They Say What Goes Up Must Come Down, but not When
Last year we told you about some market indicators, Market Indicators and the Outlook for 2013, that have pretty impressive long-term success rates, including the SuperBowl indicator. The best thing about SuperBowl XLVIII, for anyone other than Seahawks fans, was that the NFC team won, which is supposed to signal a good year for equity markets. However, there is a competing line of thinking that after a big run up in the US last year we should expect weakness in 2014.
First of all, weaker isn’t necessarily weak…especially following a 30% advance (S&P 500 price return in USD). Everyone shouting from the rooftops that a gain of this magnitude in 2013 means we are headed for the red in 2014 should pay attention because rate of change is a terrible measure of potential extreme conditions. More often than not, strong positive momentum markets are followed by weak positive momentum markets…not falling markets. When we look at negative momentum markets, the results are different; bull markets carry momentum while bear markets finish with exhaustion.
Since 1945, the S&P 500 has gained more than 20% in a calendar year a total of 21 times and these are widely recognized as some of the best years for stocks. Clearly, there is plenty of historical evidence to support all of these talking heads sounding the warning bell for equities in 2014, right? Not quite…in fact, stocks rose 10%, on average, in the year following a 20% or more gain, during the post-1945 period.
But, you have to remember that this is a pattern and not a rule. There are no guarantees, plus exceptions can and will occur. The data shows that the boom-bust pattern has held at various times, with the worst post-boom year returns ranging from losses between 6% and nearly 20%.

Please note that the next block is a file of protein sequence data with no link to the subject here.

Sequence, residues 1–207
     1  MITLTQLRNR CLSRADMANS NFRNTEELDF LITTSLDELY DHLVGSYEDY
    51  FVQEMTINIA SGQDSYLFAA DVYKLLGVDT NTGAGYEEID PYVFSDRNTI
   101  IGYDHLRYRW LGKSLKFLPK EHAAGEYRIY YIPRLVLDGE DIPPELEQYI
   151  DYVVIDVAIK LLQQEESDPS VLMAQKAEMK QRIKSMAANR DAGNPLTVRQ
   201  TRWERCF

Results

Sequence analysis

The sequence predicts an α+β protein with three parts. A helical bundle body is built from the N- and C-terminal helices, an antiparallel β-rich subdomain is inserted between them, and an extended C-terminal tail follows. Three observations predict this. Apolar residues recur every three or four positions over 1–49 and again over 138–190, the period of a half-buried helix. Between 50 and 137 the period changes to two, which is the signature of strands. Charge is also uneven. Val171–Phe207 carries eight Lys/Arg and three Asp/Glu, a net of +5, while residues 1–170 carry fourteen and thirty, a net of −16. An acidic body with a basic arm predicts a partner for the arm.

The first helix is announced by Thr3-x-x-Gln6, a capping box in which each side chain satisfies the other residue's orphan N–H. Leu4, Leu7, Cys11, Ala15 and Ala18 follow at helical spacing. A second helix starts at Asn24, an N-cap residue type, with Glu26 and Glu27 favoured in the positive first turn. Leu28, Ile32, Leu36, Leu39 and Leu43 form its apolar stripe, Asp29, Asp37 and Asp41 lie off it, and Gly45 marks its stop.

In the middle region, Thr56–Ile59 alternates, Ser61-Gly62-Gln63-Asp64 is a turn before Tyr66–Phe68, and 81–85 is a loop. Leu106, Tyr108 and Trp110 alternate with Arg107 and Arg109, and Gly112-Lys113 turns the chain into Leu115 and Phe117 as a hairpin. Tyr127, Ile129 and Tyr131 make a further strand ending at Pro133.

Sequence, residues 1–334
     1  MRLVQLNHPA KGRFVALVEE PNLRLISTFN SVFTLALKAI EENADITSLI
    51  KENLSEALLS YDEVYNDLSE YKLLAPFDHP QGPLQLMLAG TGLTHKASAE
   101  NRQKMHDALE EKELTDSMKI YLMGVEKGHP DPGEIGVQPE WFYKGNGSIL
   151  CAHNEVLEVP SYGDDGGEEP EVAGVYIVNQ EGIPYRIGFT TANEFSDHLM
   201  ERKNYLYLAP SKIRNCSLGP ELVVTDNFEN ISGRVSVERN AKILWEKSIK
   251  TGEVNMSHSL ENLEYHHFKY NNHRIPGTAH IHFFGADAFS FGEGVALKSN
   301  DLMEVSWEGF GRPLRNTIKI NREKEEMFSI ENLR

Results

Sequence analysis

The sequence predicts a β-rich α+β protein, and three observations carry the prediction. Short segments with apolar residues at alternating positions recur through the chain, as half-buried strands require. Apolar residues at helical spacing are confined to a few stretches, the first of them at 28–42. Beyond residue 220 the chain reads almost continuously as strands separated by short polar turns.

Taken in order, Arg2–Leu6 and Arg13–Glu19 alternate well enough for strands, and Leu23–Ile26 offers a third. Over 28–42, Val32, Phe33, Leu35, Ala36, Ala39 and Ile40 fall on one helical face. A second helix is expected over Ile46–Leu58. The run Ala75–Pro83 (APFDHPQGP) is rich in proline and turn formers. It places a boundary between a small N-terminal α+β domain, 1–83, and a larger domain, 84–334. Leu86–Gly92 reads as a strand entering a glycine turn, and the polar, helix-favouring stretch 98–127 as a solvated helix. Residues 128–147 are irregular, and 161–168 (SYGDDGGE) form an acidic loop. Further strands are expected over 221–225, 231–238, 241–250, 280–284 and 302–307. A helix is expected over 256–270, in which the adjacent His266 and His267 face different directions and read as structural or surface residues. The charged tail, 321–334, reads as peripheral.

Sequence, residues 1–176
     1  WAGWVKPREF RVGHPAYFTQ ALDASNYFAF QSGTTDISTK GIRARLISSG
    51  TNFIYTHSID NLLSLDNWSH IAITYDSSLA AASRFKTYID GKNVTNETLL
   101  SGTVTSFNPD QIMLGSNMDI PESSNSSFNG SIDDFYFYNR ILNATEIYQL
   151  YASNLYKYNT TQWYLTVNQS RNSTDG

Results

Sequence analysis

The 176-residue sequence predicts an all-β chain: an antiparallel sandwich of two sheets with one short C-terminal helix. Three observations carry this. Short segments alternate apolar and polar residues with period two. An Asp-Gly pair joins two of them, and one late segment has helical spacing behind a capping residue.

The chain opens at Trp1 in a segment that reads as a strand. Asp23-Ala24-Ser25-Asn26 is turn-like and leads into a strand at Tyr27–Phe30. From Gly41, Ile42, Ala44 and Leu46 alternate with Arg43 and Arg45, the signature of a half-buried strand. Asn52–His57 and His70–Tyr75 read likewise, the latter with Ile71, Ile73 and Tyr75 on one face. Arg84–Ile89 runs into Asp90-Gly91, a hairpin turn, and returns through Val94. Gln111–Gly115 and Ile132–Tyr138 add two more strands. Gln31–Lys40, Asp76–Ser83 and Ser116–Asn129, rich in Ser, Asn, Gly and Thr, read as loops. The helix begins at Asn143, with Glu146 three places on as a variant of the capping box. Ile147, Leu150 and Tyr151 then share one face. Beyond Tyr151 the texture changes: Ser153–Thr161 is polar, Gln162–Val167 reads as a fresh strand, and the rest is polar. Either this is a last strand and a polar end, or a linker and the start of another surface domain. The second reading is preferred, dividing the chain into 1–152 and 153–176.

There is adequate support for the idea that markets will pause and likely correct 10% or so in the first half of 2014, due to more debt ceiling concerns and QE tapering. Yet, there is still ample liquidity in the markets to suggest that it is not likely to cause an earnings recession. Some are definitely becoming concerned with mounting P/E ratios, but we do expect central banks to remain extremely accommodative for a few more years.
In addition, some investors have presumably been taking profits and we could see some additional such activity as investors seem spooked by the recent spate of down days, some of which have been quite sharp. In fact, just last week when the S&P 500 was at its lowest level year-to-date, the index was only 5% off its all-time high, reached January 15th of this year. This is by no means a significant correction and things seem to have stabilized somewhat in the interim.
As we stated before, these types of patterns are certainly of interest, but they play no part in how your T.E. Wealth portfolio is actually managed. Instead, we consider your goals, objectives, risk tolerance and investment time horizon in order to put together an appropriate investment plan for you.